- in BSc Applied Biology, 1st Semester
- 6h/week (3L/2E/1P)
- Credits: 7 ECTS
- Having finished lecture and exercises of the module Cell Biology students know about the differences and similarities of pro- and eukaryotic cells, as well as structure and function of cell organelles including cell membranes and cytoskeleton.
- They are able to distinguish between types, structure and function of cellular macromolecules and to explain their synthesis pathways (replication, transcription, translation, protein maturation) including regulation.
- They know aerobic respiration and fermentation as important metabolic pathways.
- They have understood the significance of the cell-cycle and are able to describe its course and regulation.
- Students are familiar with different types of cell-cell junctions, their structure and function.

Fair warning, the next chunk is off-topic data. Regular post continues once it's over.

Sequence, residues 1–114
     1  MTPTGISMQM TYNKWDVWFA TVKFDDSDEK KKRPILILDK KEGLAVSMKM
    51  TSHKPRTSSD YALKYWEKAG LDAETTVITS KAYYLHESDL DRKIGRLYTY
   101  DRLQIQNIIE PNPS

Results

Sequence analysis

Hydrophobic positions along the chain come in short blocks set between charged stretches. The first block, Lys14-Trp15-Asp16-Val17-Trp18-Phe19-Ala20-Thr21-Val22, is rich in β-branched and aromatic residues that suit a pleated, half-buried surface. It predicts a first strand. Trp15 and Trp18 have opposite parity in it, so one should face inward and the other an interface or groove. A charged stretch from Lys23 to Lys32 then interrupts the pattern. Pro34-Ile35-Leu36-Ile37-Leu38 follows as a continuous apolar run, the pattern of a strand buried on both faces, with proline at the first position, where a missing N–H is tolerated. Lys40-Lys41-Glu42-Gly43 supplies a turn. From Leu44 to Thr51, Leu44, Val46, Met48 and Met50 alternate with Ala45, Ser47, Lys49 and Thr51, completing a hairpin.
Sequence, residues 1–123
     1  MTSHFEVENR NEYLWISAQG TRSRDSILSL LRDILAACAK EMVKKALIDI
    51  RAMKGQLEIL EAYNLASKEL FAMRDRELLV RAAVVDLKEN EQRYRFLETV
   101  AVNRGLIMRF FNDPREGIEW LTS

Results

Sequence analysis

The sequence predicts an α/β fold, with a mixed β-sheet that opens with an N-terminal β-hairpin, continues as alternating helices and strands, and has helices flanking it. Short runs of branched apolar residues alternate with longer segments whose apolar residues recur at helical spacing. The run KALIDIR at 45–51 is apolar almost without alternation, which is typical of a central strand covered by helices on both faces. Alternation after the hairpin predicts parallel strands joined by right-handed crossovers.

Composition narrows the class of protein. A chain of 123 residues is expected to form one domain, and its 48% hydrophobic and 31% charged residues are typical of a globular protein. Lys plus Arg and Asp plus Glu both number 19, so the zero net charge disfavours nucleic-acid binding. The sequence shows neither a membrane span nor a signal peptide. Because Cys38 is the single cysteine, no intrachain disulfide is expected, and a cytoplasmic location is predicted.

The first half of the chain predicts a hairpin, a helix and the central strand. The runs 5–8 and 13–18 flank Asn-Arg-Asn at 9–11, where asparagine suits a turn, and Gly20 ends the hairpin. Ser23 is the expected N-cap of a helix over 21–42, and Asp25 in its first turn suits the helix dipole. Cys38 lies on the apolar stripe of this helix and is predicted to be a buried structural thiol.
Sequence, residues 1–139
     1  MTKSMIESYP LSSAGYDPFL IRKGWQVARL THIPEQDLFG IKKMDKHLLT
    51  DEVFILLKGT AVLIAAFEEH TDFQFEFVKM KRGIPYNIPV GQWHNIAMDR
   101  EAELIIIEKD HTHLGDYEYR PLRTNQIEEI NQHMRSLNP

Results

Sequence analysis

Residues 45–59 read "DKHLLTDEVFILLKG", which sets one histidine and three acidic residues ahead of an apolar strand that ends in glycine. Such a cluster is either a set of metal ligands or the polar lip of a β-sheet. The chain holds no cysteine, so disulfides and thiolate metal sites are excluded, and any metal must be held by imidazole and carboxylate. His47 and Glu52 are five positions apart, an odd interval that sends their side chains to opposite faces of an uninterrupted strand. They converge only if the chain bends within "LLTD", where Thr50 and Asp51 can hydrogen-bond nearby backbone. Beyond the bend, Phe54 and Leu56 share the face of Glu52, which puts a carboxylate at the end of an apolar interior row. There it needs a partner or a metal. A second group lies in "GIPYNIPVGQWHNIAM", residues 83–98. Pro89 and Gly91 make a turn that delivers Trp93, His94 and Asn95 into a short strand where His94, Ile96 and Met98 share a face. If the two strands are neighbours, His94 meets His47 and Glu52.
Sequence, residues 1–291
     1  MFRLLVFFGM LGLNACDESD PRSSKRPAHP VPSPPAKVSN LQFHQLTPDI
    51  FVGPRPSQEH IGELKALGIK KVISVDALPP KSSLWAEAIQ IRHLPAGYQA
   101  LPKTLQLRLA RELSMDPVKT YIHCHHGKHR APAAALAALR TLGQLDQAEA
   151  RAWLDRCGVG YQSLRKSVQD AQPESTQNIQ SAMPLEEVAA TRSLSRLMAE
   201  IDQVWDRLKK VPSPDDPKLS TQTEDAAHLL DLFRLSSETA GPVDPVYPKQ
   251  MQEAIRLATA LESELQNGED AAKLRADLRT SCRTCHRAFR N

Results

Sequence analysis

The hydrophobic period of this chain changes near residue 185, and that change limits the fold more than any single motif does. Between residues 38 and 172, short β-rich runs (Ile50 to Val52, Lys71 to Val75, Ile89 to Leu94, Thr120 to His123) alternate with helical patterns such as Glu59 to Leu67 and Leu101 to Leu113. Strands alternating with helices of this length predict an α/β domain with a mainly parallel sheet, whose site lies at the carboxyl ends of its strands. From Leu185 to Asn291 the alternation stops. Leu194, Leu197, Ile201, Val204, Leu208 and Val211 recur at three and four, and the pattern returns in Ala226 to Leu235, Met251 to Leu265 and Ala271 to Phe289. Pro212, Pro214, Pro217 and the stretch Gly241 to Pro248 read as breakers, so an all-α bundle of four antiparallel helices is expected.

- Structure and morphology of the cell
- Macromolecules, structure and function
- Biological membranes, membrane transport
- Introduction to gene expression and its regulation
- Molecular and cellular basics of cell reproduction
- Cell Biochemistry
- Cell-cell junctions, structure and function
- Having finished the practical class participants are able to use a light microscope in order to study morphology and behaviour of unicellular eukaryotic organisms.
- They are familiar with the effect of osmotic stress on erythrocytes and are able to extract DNA from vegetable or animal sources.
- They are able to present, analyse and discuss their own data and observations in a lab report.
- Light microscopic analysis of eukaryotic cells
- Determination of the osmoresistance of erythrocytes via photometric analysis
- Light microscopic analysis of mitotic stages
- DNA-extraction from plant or animal tissue
The module is graded.
The final grade is made up by the student’s performance in the exam (75%) and in the laboratory (25%).
- Alberts et al.: Essential Cell Biology, 2003, Garland Publishing Inc., US
- Alberts et al.: Molecular Biology of the Cell, 2008, Taylor and Francis
- Lodish et al.: Molecular Cell Biology, 2007, Palgrave Macmillan